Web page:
Which Was The First Film To Receive An Nc-17 Rating A History of Safety

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A History of Safety

Throughout history, the safety and health movement has been affected by legislation. In the following chronology of safety and health, notable events, individuals, and legislative actions are set forth to illustrate the theme that the safety professional/practitioner is and has been an integral part of those preventive experiences that constitute the life story

The Ancient Chinese (c 2,500 BC) spread the risk of loss by placing 1/6 of their produce in every six boats traveling to market.

Hammurabi (c 2,000 BC), the ruler of Babylon, was responsible for the Code of Hammurabi, part of which bears a resemblance to today’s workers’ compensation laws.

The ancient Egyptians (around 1600 BC) recognized the dangers of breathing fumes caused by smelting silver and gold.

Hippocrates (c 460-c 377 BC), the father of contemporary medicine, established a link between the respiratory problems of Greek stonecutters and the stone dust that surrounded them.

In ancient Rome, the few slaves who survived the dangerous work of launching a ship were given their freedom.

In 1601, the first English law on “assurance” (an earlier term for insurance) was enacted. This law covers perils at sea.

In 1667, the Great Fire of London (September 2-7, 1666), caused the first English fire insurance laws to be enacted.

In 1700, Bernardino Ramazzini, an Italian physician, published the first thesis attempting to prove the connections between work and disease.

In 1730, Benjamin Franklin organized the first fire fighting company in the United States as well as discovered the symptoms of lead poisoning with Dr. Evans.

In 1775, English doctors discovered that chimney sweeps, exposed to coal tar residues in their daily work, showed a higher incidence of cancer than the general population.

In 1792, the first charter to write marine and fire insurance was granted in the United States.

In 1812, the Embargo of the War of 1812 spurred the development of the New England textile industry and the establishment of joint-venture companies. These early insurance companies inspected properties for hazards and suggested loss of control and prevention methods to secure low rates for their policyholders.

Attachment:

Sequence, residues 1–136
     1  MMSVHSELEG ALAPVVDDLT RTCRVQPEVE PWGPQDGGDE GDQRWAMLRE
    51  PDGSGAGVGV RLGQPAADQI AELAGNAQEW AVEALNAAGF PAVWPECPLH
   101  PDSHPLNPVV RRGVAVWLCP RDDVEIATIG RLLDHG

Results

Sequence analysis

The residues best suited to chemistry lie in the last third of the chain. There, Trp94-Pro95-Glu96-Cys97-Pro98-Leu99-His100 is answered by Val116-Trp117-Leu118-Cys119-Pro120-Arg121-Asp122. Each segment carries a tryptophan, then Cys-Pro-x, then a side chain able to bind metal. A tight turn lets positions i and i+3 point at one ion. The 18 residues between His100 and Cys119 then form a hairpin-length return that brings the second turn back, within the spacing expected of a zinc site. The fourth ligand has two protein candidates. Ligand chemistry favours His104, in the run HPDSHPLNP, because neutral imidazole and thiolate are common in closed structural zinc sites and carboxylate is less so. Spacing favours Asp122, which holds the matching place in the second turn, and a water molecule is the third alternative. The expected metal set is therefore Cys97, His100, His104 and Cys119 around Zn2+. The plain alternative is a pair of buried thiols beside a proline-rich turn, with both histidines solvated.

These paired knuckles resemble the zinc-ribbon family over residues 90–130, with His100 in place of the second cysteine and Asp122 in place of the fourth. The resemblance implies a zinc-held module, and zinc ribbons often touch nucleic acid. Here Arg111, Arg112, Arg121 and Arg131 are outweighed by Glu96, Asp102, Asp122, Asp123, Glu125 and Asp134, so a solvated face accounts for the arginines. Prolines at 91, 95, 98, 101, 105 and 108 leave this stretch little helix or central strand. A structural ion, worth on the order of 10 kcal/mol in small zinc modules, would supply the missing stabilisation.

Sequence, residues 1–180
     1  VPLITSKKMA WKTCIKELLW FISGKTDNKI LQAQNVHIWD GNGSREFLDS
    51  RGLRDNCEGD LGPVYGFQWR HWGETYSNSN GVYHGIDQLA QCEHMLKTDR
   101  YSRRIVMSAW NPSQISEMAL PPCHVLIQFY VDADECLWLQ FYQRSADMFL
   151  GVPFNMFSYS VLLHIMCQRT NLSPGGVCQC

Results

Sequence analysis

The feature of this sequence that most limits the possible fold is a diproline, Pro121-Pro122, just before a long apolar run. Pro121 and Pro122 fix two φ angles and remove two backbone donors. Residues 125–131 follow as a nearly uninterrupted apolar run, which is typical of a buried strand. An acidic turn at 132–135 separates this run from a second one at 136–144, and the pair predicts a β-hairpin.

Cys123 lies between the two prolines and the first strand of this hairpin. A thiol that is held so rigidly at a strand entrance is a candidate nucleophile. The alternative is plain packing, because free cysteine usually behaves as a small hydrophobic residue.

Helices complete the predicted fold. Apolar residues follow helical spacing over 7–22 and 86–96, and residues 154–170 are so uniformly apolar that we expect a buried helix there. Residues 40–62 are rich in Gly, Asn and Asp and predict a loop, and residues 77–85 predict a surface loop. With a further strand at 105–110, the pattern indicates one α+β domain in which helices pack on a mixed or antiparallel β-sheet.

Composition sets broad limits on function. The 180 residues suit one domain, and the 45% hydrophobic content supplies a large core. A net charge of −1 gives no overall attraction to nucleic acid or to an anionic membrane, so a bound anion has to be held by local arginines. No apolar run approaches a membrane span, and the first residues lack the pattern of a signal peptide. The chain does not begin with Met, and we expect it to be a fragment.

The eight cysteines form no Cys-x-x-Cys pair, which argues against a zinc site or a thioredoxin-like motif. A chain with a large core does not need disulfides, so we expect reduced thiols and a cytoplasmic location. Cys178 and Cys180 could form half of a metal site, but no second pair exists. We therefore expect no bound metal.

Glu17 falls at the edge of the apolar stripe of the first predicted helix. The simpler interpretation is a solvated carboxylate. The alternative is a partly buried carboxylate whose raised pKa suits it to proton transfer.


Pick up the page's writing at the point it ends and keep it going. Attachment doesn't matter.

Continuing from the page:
In 1864, the Pennsylvania Mine Safety Act (PMSA) was passed into law.

In 1864, North America’s first accident insurance policy was issued.

In 1867, the state of Massachusetts established the first government-sponsored factory inspection program.

In 1877, the state of Massachusetts passed a law requiring vigilance for dangerous machinery, and took authority for implementing factory inspection programs.

In 1878, the first recorded call by a labor organization for federal occupational safety and health legislation was heard.

In 1896, an association was established to prevent fires and write codes and standards, the National Fire Protection Association (NFPA).

In 1902, the state of Maryland passed the first workers’ compensation law.

In 1904, the state government’s first attempt to force employers to pay their employees for work injuries was overturned when the Supreme Court declared Maryland’s workers’ compensation law unconstitutional.

On March 21, 1911, in the Asch Building in New York City, nearly 150 women and young women died in the Triangle Shirtwaist Factory Fire due to locked fire exits and an inadequate fire extinguishing system. A major turning point in history, this fire changed government regulation and laws established to protect workers.

In 1911, a professional, technical organization responsible for developing safety codes for boilers and elevators, the American Society of Mechanical Engineers (ASME) was founded. The A17 Safety Code has been published.

1911-1915, During these five years, 30 states passed workers’ compensation laws.

On October 14, 1911, the American Society of Safety Engineers (ASSE) was founded in New York City. Originally named the United Society of Casualty Inspectors. ASSE is committed to the development of accident prevention techniques, and to the advancement of safety engineering as a profession.